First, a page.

How important are the pictures, financial records, school work and various other things you store on your computer? To me they’re pretty important. You can’t recreate some of that stuff. File backups are cheap and easy compared to the alternative. I’m not talking about full computer backups here, just your files. That’s the important stuff anyway, programs can be reinstalled.
When it comes to your PC or Mac there are a number of ways to be prepared. The way you choose depends on what disasters you want to be prepared for. Below are some scenarios where a file backup would come in handy and their related level of difficulty to recover your files without some type of backup. These are not far fetched and some of them happen more regularly than you might think. I’ve gotten calls on most of them at some point. Keep in mind that difficult equals expensive and even the easy ones are going to cost you some money if you don’t have the equipment or know-how to do it yourself.
- Computer won’t start due to operating system problems - easy - but not for most people using a PC
- Some component in your old computer dies (other than the hard drive) and you’d rather just transfer your old stuff to a new one - easy - again, not for most people
- Hard drive dies - difficult - fork over at least a grand, if you can find someone to do it that cheap
- You drop your laptop and damage the hard drive - difficult - see “hard drive dies”, but you may still lose some data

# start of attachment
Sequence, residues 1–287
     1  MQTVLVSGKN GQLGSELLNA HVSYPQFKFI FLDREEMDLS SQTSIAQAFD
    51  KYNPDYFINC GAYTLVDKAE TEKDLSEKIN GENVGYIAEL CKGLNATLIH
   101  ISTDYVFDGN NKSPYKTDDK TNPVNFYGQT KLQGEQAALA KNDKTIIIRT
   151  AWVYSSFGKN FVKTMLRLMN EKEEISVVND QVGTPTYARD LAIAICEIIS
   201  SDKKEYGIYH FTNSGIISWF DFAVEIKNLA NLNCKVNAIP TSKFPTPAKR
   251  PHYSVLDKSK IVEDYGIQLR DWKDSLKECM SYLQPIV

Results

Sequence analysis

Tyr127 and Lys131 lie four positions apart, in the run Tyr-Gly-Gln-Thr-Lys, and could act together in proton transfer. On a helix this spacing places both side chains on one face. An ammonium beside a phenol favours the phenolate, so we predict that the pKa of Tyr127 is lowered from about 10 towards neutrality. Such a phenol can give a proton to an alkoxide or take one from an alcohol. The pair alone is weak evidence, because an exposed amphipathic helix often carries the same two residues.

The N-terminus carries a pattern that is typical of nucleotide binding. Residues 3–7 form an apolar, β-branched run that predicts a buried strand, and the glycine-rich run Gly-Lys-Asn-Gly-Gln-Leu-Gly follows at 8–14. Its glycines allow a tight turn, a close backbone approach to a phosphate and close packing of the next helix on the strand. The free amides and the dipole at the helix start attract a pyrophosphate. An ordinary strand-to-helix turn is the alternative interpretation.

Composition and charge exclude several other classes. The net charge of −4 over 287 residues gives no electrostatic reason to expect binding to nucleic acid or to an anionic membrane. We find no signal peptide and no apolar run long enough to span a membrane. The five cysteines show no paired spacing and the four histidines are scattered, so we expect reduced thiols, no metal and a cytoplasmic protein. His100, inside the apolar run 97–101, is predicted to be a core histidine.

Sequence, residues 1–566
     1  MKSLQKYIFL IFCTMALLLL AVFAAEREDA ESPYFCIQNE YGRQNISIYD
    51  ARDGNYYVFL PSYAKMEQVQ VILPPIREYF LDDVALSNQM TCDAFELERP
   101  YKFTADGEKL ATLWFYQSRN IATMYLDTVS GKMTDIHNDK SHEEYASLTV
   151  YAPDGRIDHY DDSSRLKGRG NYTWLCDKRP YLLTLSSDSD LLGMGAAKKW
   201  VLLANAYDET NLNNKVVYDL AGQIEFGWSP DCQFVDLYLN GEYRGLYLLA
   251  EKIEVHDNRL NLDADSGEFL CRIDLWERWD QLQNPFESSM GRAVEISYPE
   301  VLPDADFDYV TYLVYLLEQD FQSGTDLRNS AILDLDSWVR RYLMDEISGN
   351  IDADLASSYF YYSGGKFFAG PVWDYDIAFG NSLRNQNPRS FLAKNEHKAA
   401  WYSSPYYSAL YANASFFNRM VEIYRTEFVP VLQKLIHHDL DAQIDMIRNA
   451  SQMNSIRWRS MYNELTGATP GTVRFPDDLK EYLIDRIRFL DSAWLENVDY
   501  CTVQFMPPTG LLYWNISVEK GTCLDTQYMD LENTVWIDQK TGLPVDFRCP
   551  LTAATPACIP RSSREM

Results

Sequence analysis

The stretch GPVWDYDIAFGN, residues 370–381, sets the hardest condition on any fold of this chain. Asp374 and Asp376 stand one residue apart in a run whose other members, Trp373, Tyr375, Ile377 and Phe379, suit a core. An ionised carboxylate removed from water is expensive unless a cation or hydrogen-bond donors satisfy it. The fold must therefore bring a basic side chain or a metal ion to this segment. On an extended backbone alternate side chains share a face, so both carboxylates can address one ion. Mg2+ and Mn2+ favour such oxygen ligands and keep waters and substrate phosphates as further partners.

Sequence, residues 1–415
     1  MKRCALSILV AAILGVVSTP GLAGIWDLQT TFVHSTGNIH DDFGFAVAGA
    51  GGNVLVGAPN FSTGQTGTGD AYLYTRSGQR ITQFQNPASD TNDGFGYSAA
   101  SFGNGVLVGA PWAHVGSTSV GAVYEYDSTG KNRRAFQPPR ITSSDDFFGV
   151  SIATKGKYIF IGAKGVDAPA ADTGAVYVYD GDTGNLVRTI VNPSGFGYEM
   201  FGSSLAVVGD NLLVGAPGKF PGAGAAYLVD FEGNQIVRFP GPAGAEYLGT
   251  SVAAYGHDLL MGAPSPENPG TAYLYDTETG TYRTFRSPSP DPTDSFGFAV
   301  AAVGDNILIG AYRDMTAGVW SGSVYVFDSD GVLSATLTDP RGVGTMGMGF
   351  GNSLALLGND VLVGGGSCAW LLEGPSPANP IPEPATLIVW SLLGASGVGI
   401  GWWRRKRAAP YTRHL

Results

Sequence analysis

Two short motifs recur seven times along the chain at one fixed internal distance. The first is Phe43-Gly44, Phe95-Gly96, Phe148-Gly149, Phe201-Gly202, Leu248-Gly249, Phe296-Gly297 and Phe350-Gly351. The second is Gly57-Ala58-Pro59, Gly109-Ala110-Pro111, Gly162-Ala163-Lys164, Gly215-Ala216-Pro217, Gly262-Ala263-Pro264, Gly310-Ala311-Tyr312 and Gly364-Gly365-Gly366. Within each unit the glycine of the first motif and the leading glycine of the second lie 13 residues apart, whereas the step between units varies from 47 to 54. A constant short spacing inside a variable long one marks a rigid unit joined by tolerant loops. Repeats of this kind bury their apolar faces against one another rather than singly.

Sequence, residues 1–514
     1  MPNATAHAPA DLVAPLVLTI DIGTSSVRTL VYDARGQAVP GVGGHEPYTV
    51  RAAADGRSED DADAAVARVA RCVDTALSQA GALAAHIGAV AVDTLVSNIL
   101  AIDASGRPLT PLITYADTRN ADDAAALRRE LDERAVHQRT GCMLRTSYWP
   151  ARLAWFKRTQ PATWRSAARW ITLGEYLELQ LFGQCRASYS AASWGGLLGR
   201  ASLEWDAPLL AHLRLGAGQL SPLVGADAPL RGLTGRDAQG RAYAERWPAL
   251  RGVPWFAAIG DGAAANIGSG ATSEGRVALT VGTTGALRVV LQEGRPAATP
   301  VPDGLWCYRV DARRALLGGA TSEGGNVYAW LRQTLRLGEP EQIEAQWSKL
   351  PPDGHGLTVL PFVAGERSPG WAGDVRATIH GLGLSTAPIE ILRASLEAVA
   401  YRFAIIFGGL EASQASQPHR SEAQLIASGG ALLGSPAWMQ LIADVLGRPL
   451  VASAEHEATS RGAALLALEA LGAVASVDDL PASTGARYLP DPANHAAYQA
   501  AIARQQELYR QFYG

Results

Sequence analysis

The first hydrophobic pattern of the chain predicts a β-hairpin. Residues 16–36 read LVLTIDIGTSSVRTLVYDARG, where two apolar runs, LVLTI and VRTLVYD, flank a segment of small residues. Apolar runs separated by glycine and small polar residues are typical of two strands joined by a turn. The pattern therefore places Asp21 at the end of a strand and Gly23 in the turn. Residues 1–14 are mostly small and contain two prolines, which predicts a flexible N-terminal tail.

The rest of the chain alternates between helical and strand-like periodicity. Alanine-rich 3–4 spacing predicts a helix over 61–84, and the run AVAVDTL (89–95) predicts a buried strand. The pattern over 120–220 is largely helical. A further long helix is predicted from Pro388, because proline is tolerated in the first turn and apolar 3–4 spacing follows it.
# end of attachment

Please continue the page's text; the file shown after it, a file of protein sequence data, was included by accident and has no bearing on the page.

- House burns down - most likely impossible but at best very difficult - see “hard drive dies”, except this time you can probably kiss your data goodbye
- Computer gets lost or stolen - impossible - bye bye data
Each of these scenarios is made much easier, and in some cases exponentially easier, with a file backup. In most instances you can do it yourself or for free with the help of the backup vendor.
Here are some backup options for home computer users:
USB external hard drive - This is a good option and certainly better than nothing. You can pick these up at any big box store or my favorite website for tech stuff - newegg.com - for around $100 or less depending on how much data you have to backup. Here’s a link to some USB hard drives on newegg.com. Some of these devices come with backup software while others will require that you use the operating system’s built in software. Keep in mind that this option isn’t going to protect your data if your house burns down unless you bring it with you every time you leave home. I’m not seeing that happening, so we’ll just say that this method won’t protect you from fire.
Extra internal hard drive - If you have more than one hard drive in your computer it will give you the same protection as backing up to a USB drive (assuming your never going to remove the USB drive from your house). The problem is that most people won’t already have this in place and it’s cheaper to get a USB drive. If you think you have two drives have someone who knows computers check it out before you assume anything. Two drive letters in My Computer does not equal two hard drives.
Online backup - This is by far the best option. You can google online backup and the first few results are some of the top companies in the online backup business. These are generally pretty easy to setup and recover data from. This will protect you from the worst of disasters. Some of these services are free for small amounts of data and as low as $5 per month for unlimited data. Also, most of these services use encryption and other security measures to protect your stuff from internet thieves. If you're worried about it make sure to check with the vendor.